The world’s languages also include a fairly large number that mark gender much more extensively than English does. In these languages, pronouns are not ‘the definitive way’ in which a person’s gender is acknowledged: a much more pervasive form of gender-marking is through inflections on nouns, adjectives, articles and in some cases verbs. Languages in this category include the Romance group (French, Spanish, Catalan, Portuguese, Italian, etc.), German, Slavic languages like Polish and Russian, and Semitic languages like Arabic and Hebrew.

Speakers of these languages can’t escape the gender binary just by adopting novel pronouns. In some of them it’s not too difficult to come up with an extra set of gender inflections (though that doesn’t mean it’s easy to get people to use them, since once again, this involves restructuring a system which native speakers use without conscious reflection). In Spanish, for instance, where the standard masculine and feminine inflectional endings are –o and –a, non-binary speakers have introduced parallel forms ending in –e. (There are also forms with –x, @ and other symbols, but these are either unpronounceable or not easy to deduce the pronunciation of, so they are more useful in writing than conversation.) But in other cases the adjustments required are complicated. In Slavic languages, for instance, past tense verbs are gender-marked, and nouns are marked for case as well as gender, which means you need several alternative word-endings rather than just one.

Another language where gender-marking is pervasive is Hebrew, and in this case there has been some research on the linguistic practices of genderqueer speakers. In interviews with the Israeli researcher Orit Bershtling, six of these speakers described their strategies for ‘queering Hebrew’. One of these was alternating between masculine and feminine forms for the same person in the same sentence (e.g., using a masculine subject noun with a feminine verb). Another was gender ‘doubling’, putting both masculine and feminine endings on the same word (like ‘transimot’, meaning ‘trans people’, where the word ‘trans’ is followed by two plural endings, the masculine –im and the feminine –ot). Alternatively, speakers could select forms which allowed them to avoid the issue. Sometimes, for instance, they would speak about their present activities in the future tense, because Hebrew first-person future tense forms, unlike their present tense equivalents, do not have to be marked for gender.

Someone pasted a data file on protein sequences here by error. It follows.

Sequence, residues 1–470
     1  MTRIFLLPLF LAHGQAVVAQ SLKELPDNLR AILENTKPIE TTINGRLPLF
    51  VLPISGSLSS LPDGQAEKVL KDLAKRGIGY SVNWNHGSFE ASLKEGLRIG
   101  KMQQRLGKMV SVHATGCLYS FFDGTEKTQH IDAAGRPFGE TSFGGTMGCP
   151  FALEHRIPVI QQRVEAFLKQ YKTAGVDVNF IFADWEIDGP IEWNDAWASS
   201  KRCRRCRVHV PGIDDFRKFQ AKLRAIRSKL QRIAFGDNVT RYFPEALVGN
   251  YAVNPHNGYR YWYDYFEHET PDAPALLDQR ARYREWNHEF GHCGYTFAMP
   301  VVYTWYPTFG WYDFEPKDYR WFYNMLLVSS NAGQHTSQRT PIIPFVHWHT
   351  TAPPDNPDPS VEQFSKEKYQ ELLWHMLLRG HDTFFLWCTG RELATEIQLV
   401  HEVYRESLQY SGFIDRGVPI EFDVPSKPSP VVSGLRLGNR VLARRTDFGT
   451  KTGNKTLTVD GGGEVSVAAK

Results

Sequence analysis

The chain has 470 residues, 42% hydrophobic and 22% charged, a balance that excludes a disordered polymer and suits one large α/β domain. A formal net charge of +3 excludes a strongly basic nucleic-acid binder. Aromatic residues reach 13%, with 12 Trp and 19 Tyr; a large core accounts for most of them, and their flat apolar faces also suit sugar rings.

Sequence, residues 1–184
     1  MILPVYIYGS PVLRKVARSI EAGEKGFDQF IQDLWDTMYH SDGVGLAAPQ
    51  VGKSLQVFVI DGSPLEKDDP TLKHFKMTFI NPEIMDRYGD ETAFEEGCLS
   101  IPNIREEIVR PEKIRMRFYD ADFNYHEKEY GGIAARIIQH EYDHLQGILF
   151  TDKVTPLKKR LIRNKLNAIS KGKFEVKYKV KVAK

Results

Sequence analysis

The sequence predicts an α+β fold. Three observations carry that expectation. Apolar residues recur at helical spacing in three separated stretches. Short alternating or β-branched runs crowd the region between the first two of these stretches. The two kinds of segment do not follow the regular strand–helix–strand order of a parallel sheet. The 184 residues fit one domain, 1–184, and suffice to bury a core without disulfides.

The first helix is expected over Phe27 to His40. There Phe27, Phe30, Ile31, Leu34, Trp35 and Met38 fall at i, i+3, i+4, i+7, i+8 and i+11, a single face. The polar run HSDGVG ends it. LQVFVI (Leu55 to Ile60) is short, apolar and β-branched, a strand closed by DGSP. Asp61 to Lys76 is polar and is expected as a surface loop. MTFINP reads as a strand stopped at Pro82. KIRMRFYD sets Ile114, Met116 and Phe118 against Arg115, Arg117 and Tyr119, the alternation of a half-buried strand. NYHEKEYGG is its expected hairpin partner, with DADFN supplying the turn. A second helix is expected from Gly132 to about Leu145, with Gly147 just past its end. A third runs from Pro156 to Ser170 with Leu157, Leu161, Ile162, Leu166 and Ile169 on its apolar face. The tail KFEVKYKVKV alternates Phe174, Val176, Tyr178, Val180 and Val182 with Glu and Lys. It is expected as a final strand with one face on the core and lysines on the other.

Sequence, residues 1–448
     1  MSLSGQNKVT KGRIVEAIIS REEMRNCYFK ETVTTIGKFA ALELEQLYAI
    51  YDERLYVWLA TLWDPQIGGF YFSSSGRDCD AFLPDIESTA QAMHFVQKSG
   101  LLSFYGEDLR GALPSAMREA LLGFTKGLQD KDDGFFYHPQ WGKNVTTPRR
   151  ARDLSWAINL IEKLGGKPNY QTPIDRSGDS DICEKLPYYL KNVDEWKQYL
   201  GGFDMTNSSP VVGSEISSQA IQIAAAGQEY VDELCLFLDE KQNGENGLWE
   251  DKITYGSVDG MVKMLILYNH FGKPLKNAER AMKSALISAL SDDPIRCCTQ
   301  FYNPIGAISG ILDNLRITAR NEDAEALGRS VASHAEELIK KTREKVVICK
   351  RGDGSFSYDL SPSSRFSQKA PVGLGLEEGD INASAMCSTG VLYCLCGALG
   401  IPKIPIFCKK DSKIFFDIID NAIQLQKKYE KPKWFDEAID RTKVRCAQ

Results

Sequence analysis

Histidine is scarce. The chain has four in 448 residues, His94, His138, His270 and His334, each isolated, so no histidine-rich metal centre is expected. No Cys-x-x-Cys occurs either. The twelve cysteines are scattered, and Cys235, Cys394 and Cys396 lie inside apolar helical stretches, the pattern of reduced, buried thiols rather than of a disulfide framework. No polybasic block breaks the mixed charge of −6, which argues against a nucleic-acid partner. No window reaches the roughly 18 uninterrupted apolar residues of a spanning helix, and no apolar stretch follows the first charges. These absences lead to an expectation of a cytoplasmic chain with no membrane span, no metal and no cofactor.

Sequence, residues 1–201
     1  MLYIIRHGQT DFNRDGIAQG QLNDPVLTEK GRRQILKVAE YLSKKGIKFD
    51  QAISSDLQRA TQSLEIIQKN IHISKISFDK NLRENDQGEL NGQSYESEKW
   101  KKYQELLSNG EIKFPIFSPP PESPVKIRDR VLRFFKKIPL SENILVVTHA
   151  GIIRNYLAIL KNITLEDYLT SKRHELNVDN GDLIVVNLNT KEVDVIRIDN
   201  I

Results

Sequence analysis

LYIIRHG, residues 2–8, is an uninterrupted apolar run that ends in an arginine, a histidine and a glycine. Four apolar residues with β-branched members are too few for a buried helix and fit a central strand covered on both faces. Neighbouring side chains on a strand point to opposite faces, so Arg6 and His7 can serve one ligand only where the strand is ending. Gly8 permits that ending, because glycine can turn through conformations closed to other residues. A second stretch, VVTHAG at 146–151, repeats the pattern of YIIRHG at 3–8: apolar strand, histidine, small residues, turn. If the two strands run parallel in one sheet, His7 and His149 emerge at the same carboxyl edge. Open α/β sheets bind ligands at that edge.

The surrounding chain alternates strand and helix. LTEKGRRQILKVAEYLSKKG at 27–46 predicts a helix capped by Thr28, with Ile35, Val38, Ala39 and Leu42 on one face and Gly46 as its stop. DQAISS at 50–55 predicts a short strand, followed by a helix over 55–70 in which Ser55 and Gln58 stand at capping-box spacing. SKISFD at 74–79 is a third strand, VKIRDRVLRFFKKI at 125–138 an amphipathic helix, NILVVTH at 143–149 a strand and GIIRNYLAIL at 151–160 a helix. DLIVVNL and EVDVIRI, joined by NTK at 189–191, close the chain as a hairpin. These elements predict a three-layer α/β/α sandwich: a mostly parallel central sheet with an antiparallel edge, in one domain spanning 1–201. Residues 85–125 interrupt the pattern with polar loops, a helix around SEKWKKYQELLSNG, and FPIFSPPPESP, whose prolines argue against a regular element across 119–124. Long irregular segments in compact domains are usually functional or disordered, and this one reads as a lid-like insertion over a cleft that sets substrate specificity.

Bershtling was an outsider to the community she studied, and by her own account she found it extremely difficult to use the ‘noncustomary sex-marked forms’ her interviewees preferred. Some of their comments suggested that they did not find it easy themselves. They reported that it was hard for them to sustain a long conversation without making ‘errors’ (i.e., reverting to standard Hebrew gender-marking). They also acknowledged that certain strategies, like using the future tense to describe actions in the present, could cause the message to come out ‘a bit garbled’. Bershtling concluded that queering Hebrew

demands concentration and juggling, restricts self-expression and so produces silence. This silence stems from the impossible intersection between two linguistic functions: to express identity and to communicate with others.

Linguists don’t usually think of this as an ‘impossible intersection’. Language has always had the two functions Bershtling mentions, and people have generally found a workable balance between them. What’s unusual about the speakers in this study is the extent of their commitment to identity-expression, apparently at the expense of communication. But perhaps the two functions aren’t so much ‘intersecting’ as ‘intertwined’. The politics of gender identity is, in the political theorist Nancy Fraser’s terms, a ‘politics of recognition’: the central demand is that others should ‘acknowledge and respect [an individual’s] gender’. Using unconventional linguistic forms to express identity is, at the same time, a way of communicating your demand for recognition to other people. At least, that’s true if you speak Hebrew. If you speak English, the situation is rather different.